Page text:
Get started early, and don’t just follow the crowd.
This week, I had the pleasure and honor of addressing the annual leadership training conference of Women in Federal Law Enforcement in Houston. I’m always inspired by the bravery and integrity of these officers as I hear stories of their challenging and sometimes dangerous careers. Besides leadership and other work-related training sessions, there were awards ceremonies honoring courage, heroism and outstanding service.
All of these women are very proud of the work that they do and are grateful to the women who entered the law enforcement field before them. The event highlighted for me why it’s so important for these and other federal employees to receive their earned retirement benefits after completing dedicated and productive careers in public service.
What I love most about presenting to the WIFLE audience is the fact that understanding retirement benefits and planning for the future is just as interesting and important to the Drug Enforcement Agency agent who has less than five years of federal service as it is to the Customs and Border Protection officer who is at midcareer. And of course, it’s definitely on the minds of the agents, analysts, and officers who are ready to retire within the next three to five years.
The length of a federal law enforcement career is strictly defined: There are a finite number of years before an officer faces mandatory retirement at age 57. So if officers want to retire in their 50s and not immediately embark on a second career, they need to plan ahead.
Younger workers (and not just those in law enforcement) need to know that starting the planning process early is critical. Not thinking ahead or making mistakes early in your career can be difficult to address when you’re five years away from retirement.
The WIFLE audience in Houston was made up almost exclusively of people covered under the Federal Employees Retirement System. That means they need to understand how Social Security, the FERS basic retirement benefit and their Thrift Savings Plan accounts will provide the income needed to replace their wages while employed.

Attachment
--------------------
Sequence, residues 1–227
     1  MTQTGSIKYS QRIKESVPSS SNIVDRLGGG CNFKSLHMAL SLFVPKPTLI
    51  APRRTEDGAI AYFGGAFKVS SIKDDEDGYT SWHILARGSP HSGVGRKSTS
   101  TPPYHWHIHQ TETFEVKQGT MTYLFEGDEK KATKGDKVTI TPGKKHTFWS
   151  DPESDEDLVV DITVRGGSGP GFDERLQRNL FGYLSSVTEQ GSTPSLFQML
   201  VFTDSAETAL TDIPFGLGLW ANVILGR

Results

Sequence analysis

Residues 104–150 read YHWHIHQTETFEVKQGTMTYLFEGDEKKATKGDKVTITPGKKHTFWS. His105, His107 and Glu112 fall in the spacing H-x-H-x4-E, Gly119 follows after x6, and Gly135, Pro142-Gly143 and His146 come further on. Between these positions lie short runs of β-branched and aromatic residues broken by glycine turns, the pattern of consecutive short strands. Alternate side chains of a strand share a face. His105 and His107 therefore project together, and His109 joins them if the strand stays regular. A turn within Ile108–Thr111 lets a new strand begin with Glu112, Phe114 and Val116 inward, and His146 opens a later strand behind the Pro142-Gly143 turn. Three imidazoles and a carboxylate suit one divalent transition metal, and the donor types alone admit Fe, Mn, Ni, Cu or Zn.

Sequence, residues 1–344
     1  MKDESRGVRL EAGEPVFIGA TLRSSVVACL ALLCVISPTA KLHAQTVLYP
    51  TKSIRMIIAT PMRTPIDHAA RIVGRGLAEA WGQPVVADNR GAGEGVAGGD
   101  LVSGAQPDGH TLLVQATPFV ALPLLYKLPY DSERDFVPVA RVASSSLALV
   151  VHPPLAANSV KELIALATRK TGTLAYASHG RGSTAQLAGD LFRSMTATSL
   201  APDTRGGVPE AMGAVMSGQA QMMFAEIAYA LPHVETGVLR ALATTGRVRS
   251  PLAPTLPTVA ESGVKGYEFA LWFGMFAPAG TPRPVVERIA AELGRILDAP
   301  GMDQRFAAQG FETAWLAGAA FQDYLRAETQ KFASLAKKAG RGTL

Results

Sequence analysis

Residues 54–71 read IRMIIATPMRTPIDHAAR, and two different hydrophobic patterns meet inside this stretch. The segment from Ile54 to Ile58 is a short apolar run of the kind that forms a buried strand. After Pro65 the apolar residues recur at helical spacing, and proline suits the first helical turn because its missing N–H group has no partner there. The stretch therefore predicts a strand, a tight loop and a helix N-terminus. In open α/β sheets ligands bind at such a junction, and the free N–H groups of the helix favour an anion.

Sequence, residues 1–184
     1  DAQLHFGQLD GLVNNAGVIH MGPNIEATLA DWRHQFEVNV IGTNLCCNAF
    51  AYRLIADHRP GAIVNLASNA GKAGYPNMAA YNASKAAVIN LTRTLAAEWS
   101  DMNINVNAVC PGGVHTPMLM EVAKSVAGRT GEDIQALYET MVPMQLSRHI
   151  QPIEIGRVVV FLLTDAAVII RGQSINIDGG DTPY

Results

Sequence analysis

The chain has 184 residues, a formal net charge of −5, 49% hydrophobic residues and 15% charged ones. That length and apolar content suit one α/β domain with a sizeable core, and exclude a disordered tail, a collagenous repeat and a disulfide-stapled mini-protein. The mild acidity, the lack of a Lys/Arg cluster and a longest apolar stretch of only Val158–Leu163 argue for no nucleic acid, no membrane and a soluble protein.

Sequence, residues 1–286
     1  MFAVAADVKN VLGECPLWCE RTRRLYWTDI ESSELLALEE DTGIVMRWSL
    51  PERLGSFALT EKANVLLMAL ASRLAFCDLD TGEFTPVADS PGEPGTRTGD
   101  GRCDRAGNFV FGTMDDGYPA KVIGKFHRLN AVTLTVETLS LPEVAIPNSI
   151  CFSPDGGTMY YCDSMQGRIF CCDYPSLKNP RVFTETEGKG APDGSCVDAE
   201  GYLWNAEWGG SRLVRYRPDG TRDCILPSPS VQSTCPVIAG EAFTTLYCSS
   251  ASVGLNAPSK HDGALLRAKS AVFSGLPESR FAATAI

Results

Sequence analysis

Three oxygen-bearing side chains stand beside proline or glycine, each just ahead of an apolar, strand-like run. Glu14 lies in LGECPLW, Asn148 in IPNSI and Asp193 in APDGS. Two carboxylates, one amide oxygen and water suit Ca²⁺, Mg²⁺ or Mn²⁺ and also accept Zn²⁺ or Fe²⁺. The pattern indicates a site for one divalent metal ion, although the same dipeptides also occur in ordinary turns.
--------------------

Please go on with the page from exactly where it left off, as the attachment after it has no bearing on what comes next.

Some of these women began their careers out of high school, first serving in the military and then embarking on a career in civilian federal service. That means they could meet their service requirement before they are old enough for retirement, but I reminded them of how a longer career would allow more time to save and for their savings to grow. In addition, accumulating more service allows for a more generous FERS retirement benefit.
At the WIFLE conference, I learned the importance of not following the crowd when it comes to planning your retirement. Members of the audience noted that they knew people who had already retired who had taken lump-sum payments from their TSP accounts to pay off debt, such as eliminating a mortgage. This doesn’t mean it’s the best decision.
In fact, my colleague Bob Leins of the National Institute of Transition Planning told me that it’s never a good idea to withdraw the amount of money in a lump sum from your TSP that would be required to pay off a substantial mortgage balance. First of all, the TSP will withhold 20 percent for federal tax pre-payment. But that may not be enough to meet your full tax obligation. In April following the year you received your distribution, you may be shocked to find out you owe an additional 5 percent to 15 percent federal tax on the amount of your withdrawal.
Bob suggested retirees use monthly payments from the TSP to continue to make mortgage payments as they did during their careers. To learn more about rebalancing and allocating your withdrawals from different types of investments, you may need to consult a financial adviser.
That brings me to another piece of advice I gave attendees: Choose an adviser very carefully. According to the Securities and Exchange Commission, undisclosed conflicts, fees and overcharges have become a recurring theme in commission cases involving investment advisers. Earlier this week, the SEC filed charges against four former Atlanta-area brokers for fraudulently inducing federal employees to roll over holdings from their TSP accounts into higher-fee, variable annuity products.
All in all, this week, for me and the other participants in the WIFLE conference, was a time of learning and being inspired to do better. I realized that all of us support each other, whether it is bringing justice to our communities or simply becoming better-informed federal employees who are able to plan for a secure financial future.
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